Nevertheless, the social partners think that more transparency on the differentiation between private hosts and professional providers should be established. It may also be worthwhile ensuring that future settlements are accomplished with all providers in a specific field of the platform economy rather than with single companies.
HOTREC and EFFAT call upon the public authorities to take measures to:
Increase efforts to regulate the economic activities of the platform economy through
legislation to limit the negative impact on businesses and employment in the hospitality
and tourism sector;
Collect coherent data;
Create measured deterrents for operators not respecting requirements by legislation
through appropriate sanctions;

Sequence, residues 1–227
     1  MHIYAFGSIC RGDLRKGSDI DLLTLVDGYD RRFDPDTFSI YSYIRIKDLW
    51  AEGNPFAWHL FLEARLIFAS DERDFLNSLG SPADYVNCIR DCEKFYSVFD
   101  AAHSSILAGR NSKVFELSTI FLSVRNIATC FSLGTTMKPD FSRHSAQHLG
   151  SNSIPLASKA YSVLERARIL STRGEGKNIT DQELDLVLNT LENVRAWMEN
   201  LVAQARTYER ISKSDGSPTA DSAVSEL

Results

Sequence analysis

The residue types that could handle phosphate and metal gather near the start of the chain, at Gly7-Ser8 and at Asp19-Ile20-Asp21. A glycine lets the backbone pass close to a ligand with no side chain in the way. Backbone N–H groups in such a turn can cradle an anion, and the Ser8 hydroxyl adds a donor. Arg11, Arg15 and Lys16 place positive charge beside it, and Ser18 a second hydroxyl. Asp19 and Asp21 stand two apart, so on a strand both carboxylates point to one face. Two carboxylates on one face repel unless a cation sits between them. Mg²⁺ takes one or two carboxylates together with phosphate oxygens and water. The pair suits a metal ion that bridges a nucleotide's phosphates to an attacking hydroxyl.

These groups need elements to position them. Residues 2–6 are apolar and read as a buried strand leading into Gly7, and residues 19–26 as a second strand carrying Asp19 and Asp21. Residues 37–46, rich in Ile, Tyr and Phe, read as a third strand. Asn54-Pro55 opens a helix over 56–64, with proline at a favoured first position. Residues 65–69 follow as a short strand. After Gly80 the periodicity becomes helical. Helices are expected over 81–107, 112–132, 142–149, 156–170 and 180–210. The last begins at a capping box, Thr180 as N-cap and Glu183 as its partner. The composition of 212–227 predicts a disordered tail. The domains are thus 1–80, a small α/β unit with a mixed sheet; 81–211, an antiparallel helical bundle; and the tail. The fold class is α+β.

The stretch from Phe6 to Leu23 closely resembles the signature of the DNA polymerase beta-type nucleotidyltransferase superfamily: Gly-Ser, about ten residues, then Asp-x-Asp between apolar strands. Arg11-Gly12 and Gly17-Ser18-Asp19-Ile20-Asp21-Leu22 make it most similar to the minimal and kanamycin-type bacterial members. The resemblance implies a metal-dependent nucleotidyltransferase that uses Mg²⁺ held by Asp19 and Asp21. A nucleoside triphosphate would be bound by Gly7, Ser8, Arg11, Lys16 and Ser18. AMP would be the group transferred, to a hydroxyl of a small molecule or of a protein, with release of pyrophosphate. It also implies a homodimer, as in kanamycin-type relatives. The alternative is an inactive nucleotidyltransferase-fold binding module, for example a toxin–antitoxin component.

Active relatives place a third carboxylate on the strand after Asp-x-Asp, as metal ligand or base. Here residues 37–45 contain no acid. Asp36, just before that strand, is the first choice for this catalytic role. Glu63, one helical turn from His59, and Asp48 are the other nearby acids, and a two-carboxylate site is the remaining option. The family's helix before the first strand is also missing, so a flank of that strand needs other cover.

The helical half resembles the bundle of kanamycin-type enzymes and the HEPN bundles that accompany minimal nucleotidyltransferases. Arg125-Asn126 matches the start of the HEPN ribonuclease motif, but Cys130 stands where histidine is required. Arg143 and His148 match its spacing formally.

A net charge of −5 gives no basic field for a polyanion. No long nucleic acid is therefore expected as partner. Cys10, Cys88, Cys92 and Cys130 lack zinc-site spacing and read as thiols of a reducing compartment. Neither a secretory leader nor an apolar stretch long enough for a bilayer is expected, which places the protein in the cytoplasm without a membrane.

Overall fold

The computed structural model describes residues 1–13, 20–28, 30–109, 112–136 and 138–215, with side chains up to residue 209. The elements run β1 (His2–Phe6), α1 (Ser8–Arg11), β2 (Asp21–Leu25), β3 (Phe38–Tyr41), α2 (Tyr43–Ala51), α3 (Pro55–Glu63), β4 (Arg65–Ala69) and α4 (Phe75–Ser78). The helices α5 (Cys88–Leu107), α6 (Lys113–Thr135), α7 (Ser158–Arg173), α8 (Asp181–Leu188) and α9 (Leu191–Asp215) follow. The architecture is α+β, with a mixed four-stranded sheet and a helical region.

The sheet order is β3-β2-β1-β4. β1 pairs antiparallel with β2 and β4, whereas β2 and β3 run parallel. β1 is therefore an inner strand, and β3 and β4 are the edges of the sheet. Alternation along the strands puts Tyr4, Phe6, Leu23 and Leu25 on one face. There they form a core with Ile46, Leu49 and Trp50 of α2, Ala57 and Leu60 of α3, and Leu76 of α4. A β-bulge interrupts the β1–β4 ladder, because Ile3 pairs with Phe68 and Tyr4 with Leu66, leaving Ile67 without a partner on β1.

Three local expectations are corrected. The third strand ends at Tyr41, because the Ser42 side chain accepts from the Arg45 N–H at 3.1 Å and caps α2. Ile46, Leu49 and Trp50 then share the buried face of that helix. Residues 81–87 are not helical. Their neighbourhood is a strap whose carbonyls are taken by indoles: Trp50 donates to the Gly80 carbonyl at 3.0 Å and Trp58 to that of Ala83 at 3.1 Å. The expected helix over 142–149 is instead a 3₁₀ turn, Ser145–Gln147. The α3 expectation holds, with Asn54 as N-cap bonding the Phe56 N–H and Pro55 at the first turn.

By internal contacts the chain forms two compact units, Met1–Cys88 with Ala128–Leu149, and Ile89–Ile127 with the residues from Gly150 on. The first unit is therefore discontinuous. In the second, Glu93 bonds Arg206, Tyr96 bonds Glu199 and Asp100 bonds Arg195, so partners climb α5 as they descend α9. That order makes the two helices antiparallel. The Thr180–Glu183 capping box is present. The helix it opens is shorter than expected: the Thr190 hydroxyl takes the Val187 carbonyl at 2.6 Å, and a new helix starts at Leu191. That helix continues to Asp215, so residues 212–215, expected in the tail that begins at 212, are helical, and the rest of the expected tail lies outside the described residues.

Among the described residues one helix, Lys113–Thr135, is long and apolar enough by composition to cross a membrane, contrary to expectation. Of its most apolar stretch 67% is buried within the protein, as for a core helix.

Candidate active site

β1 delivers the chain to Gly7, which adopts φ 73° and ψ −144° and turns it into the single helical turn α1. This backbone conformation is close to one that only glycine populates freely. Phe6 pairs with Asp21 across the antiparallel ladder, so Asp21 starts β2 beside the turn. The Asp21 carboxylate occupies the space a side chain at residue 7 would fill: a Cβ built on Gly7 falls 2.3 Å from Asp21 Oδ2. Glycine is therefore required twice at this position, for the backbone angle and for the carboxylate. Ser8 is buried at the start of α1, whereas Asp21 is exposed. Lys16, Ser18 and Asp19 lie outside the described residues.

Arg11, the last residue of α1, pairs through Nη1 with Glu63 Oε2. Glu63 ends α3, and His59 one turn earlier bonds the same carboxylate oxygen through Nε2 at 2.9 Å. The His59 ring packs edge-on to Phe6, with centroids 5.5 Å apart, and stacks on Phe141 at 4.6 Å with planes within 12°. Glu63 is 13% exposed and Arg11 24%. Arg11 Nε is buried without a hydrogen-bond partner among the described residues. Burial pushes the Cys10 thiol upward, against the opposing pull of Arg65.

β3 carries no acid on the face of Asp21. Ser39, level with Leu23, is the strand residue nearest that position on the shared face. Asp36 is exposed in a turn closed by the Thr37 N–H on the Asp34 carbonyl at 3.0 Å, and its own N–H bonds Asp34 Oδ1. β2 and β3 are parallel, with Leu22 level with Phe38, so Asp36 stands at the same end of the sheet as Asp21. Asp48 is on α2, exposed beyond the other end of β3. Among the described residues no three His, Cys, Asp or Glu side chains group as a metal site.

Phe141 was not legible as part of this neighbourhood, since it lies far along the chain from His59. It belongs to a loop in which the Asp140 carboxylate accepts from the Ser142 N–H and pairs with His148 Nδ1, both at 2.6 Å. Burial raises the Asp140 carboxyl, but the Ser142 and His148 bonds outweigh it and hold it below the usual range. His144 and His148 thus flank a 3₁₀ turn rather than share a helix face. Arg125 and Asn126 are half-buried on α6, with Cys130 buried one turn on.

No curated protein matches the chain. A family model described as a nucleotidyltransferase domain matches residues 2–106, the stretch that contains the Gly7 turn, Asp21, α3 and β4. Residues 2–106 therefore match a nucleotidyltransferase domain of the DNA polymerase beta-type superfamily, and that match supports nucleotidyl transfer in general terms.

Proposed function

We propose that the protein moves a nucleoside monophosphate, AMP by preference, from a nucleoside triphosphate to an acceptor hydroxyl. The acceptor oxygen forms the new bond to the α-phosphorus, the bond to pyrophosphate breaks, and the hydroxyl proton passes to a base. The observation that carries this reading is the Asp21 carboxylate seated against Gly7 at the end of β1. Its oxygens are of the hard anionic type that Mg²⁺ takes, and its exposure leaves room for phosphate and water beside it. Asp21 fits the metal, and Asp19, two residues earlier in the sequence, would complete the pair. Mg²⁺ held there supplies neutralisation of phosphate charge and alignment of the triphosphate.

Guarantee that legislation is fully respected by all providers of hospitality and tourism
services, through effective enforcement, supported by resources and legal power for public authorities to do their job correctly, so that:
o Customers are protected;
o Employees are treated fairly and entitled to their rights, and
o Responsible businesses enjoy a fair competitive environment / level playing field.
Brussels, 29 November 2019
For EFFAT For HOTREC
Kristjan BRAGASON Jean-Marc BANQUET D´ORX
EFFAT General Secretary Chair of HOTREC SSD Committee”.